Mt Lawley Counselling Centre, Perth - Western AustraliaMt Lawley Counselling Centre, Perth - Western Australia

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Adolescent Depression

Julia Pemberton

Registered Psychologist
Perth, Western Australia

Young people experience many different feelings and moods and parents are often unsure about what is normal or when to seek help. Young people can feel depressed for all sorts of reasons and their depression can vary from having moods and feeling a bit 'down', to feeling overwhelming sadness and hopelessness, and at the extreme suicidal.

Most young people have mood swings and times when they feel very unhappy in adolescence, but it is important to be aware that depression occurs in up to 24% of young people. Being 'down' most of the time is not normal. Depression in young people is often not recognised. The type of help and support young people receive and how soon they get this can make a real difference.

Although it is often difficult to communicate with someone who is feeling very low, it is important to acknowledge your child's feelings and let them know you are there for them. Knowing that friends and family really care and are willing to give support can be the first important step towards getting better.

Young people at risk
Depression can affect anyone, but some young people are more likely to become depressed if:

  • a close relative has suffered from depression
  • they have suffered a major life stress or several stresses.

Major life stresses can include family separation, loss of a parent, child abuse, bullying, academic failure, relationship break-up or moving school.

Depression may also be triggered by something that seems relatively minor or occur for no obvious reason.

Signs of depression
A young person with depression may show some of the following signs:

  • loss of interest or enjoyment in usual activities
  • changed eating patterns with weight gain or weight loss
  • sleeping problems
  • low energy levels
  • poor concentration with school work or other things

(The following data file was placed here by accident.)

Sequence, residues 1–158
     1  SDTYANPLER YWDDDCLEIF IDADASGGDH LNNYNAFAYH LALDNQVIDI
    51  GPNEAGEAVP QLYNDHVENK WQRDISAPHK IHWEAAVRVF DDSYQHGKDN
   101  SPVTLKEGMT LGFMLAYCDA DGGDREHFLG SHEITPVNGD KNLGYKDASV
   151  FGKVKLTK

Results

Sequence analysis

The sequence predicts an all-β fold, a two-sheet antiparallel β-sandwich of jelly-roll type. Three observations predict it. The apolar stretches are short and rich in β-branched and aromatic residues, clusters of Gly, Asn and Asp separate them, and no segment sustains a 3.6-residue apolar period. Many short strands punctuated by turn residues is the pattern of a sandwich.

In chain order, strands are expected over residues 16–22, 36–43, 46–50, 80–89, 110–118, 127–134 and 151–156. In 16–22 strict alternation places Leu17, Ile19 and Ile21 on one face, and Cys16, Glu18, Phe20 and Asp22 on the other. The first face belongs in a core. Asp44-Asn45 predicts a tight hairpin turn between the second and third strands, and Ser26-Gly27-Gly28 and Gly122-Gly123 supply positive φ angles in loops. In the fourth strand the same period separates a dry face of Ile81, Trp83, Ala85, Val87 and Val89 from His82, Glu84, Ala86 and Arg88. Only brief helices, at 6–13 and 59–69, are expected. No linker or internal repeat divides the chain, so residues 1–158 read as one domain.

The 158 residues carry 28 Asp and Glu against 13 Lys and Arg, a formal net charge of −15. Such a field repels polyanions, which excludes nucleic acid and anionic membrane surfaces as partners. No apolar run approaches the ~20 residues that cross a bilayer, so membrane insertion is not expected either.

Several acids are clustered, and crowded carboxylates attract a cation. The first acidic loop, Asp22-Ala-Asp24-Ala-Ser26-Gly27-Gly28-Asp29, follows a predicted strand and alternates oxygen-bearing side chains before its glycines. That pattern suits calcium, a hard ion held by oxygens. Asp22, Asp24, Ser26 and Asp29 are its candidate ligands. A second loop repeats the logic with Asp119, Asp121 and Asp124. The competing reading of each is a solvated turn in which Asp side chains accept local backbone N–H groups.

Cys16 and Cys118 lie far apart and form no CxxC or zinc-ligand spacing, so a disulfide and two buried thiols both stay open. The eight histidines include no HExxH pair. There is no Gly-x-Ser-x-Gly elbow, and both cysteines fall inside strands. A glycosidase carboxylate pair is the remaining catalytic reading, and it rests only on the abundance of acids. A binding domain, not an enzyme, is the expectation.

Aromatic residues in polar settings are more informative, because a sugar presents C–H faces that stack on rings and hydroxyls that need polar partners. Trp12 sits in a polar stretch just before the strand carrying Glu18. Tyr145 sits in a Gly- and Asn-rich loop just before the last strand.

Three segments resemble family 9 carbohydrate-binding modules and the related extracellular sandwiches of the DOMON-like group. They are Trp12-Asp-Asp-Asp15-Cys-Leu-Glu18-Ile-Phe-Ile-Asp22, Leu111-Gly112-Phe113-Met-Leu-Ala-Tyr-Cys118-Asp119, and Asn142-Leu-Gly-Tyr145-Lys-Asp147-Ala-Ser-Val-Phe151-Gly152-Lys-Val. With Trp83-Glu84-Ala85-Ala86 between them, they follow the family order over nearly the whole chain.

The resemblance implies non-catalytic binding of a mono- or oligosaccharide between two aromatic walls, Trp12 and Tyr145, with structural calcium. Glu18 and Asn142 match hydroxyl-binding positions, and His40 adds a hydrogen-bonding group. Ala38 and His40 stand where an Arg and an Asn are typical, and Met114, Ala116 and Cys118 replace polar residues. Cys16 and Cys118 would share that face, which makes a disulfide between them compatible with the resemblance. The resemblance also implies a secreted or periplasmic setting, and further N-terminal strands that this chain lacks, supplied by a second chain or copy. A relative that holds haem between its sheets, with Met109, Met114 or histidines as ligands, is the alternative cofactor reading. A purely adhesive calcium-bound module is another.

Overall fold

• school refusal
  • loss of interest in being with friends
  • not wanting to go out
  • feeling hopeless or worthless
  • being sad or tearful
  • being angry or irritable a lot of the time
  • feeling guilty and to blame for things going wrong
  • increasing drug and alcohol use
  • self-harm
  • not taking care of appearance or hygiene
  • constant headaches, stomach aches and other physical pains
  • carelessness about physical safety
  • having thoughts about being better off dead or that life is not worth living
  • preoccupation with death and suicide

What parents can do
When young people are suffering with depression they are not always able to ask for help and may even refuse your help at times. This can leave you feeling helpless or rejected.

It is important that you:

  • Take time to listen. Create opportunities for this to occur and show that you are available for them.
  • Take their feelings seriously, particularly talk about suicide.
  • Show your support. This doesn't mean that you have to agree with everything your child does or wants to do, but young people need to know that you still love them no matter who they are or what they do.
  • Encourage them to seek help. Provide a list of contacts for them to choose from.
  • If they won't agree to see someone and you are really worried, go by yourself first and get some advice about how to best handle the situation.

Julia Pemberton
Registered Psychologist
Email: juliap@postmaster.co.uk
Phone: 0407 772 410

Mt Lawley Counselling
13 Alvan Street Mt Lawley (Perth), WA 6050
www.mtlawleycounselling.com.au

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